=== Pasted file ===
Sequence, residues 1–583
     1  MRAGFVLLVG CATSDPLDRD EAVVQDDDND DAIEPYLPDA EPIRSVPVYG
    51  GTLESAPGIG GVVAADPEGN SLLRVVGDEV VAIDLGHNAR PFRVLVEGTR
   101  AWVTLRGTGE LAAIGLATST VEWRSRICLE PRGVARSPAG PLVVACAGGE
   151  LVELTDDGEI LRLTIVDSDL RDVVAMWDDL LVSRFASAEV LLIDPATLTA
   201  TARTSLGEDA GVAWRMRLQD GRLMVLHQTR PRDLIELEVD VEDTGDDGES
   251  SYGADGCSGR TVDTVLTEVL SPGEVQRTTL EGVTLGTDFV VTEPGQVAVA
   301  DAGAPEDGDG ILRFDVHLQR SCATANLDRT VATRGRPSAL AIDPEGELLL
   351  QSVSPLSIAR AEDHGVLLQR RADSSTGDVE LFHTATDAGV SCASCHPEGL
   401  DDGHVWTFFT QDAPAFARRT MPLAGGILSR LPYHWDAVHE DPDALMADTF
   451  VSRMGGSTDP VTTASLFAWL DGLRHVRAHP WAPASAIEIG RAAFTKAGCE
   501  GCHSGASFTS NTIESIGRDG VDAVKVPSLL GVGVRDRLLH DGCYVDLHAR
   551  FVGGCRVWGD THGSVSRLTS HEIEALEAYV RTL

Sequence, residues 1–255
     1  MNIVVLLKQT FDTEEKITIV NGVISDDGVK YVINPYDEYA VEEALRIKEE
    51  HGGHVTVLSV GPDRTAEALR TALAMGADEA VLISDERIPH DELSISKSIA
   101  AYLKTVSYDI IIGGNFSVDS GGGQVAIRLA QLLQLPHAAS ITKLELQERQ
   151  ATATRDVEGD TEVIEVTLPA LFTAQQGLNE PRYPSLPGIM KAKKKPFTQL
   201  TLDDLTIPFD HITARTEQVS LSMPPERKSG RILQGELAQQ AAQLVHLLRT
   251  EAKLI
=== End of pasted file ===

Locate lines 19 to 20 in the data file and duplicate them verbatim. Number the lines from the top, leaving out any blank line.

   201  TLDDLTIPFD HITARTEQVS LSMPPERKSG RILQGELAQQ AAQLVHLLRT
   251  EAKLI